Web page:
WASHINGTON, D.C., May 17, 2018 – In the latest edition of Yeomans Work, AFJ Goldfarb Fellow for Justice Bill Yeomans notes that presidential advisor Rudy Giuliani has declared that Robert Mueller will not prosecute President Trump in the Russia investigation. Yeomans notes that this “reflects the consensus view that Mueller will adhere to Justice Department legal policy, which precludes indictment of a sitting president.” At the same time, however, he writes that this does not mean Trump is free from any legal jeopardy. For one thing, he writes, “it bears emphasis that a president can be indicted after leaving office, whether through resignation, impeachment, or loss of an election.”
Other possibilities loom, though they are remote. For example, Yeomans says, some have suggested “that regardless of whether Mueller would indict Trump, state prosecutors would be able to do so.” In addition, “Sen. Richard Blumenthal, among others, has opined that even if we accept that a sitting president cannot be tried for criminal violations, he can be indicted while in office and tried after he leaves office.” Yeomans writes that both approaches are too flawed to be likely, but there remains an option for the grand jury to name Trump, for now, as an unindicted co-conspirator. As Yeomans observes, “The grand jury named Nixon as one and the grand jury could do the same with Trump.”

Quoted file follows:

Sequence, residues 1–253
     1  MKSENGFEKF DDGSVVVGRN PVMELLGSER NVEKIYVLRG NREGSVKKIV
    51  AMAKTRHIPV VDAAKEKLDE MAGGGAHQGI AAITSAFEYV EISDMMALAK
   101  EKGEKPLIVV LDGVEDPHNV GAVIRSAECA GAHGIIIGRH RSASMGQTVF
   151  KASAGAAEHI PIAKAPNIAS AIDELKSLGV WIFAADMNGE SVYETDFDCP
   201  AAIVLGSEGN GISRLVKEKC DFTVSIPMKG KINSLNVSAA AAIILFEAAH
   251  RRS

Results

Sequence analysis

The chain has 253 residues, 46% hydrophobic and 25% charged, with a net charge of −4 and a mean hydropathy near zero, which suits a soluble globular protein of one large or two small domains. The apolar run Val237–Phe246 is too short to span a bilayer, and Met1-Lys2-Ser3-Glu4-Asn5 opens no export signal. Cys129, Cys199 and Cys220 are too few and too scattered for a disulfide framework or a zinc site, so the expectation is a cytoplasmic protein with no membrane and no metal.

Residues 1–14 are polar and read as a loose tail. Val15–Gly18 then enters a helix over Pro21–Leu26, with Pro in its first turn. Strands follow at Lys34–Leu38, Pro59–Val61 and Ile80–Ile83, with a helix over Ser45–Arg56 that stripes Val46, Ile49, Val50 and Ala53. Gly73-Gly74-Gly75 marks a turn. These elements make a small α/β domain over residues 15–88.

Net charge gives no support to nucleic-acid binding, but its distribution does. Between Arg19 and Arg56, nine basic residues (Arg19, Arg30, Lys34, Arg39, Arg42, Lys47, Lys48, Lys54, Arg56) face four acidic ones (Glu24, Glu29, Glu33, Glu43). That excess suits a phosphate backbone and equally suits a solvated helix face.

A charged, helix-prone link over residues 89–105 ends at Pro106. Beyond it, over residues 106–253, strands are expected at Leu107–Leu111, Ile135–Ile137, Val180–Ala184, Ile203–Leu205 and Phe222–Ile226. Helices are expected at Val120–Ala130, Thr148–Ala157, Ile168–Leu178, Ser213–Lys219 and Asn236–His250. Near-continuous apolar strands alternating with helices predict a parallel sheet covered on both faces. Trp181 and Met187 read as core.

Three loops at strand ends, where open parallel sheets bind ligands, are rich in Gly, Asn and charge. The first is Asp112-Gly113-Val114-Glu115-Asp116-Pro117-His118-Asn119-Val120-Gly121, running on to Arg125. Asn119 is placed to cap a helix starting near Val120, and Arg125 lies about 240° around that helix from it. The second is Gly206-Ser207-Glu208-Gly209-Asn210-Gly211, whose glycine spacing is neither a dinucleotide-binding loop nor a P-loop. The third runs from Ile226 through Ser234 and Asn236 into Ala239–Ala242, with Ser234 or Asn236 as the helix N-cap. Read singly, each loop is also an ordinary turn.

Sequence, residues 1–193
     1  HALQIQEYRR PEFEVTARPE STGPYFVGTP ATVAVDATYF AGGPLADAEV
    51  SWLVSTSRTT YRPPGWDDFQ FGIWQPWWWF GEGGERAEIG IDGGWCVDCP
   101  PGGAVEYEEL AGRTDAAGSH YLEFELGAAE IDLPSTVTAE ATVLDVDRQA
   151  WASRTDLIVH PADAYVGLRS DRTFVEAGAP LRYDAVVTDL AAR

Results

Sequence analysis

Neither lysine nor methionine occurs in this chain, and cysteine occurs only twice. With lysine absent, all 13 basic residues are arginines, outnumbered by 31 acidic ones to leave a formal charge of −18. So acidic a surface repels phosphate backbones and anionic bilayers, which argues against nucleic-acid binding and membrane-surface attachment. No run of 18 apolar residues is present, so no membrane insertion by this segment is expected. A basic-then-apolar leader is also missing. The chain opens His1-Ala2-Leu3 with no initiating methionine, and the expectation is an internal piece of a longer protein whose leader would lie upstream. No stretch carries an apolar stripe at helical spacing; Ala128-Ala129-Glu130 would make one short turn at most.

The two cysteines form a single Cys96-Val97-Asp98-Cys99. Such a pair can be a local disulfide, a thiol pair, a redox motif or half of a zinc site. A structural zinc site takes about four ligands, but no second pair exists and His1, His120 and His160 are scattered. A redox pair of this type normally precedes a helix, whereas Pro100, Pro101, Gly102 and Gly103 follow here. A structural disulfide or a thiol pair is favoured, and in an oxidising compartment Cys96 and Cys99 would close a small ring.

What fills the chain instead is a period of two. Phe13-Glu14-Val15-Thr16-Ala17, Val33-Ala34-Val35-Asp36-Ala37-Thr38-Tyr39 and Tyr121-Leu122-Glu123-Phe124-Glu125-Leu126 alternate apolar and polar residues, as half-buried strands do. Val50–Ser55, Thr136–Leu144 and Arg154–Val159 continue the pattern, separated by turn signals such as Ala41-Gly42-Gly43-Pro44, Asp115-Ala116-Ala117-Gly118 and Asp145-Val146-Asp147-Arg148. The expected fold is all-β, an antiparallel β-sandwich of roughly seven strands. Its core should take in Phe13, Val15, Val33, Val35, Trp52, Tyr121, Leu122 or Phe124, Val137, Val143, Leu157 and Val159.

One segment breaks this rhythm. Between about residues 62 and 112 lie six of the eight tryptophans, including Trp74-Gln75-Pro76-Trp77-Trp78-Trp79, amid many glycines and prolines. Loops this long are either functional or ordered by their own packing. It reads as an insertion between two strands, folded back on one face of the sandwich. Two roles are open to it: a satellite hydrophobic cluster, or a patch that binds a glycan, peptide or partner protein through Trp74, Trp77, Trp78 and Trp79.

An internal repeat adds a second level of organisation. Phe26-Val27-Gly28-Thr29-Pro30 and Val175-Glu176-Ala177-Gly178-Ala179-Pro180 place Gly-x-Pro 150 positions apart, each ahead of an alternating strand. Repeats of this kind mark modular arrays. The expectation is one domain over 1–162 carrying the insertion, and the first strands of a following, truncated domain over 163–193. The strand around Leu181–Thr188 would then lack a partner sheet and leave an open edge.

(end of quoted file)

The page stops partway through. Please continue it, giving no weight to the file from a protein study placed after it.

As for whether Trump might decide to pardon himself if faced with prosecution one day, Yeomans is skeptical. Trump could certainly pardon all his associates. “No president, however, has ever attempted to pardon himself,” Yeomans observes, “and I suspect a court would find such a pardon a bridge too far.”
Yeomans Work focuses on the challenges to the justice system in the era of Trump. Bill Yeomans is available for media interviews. Contact Laurie Kinney, Communications Director, at firstname.lastname@example.org or 202-464-7367.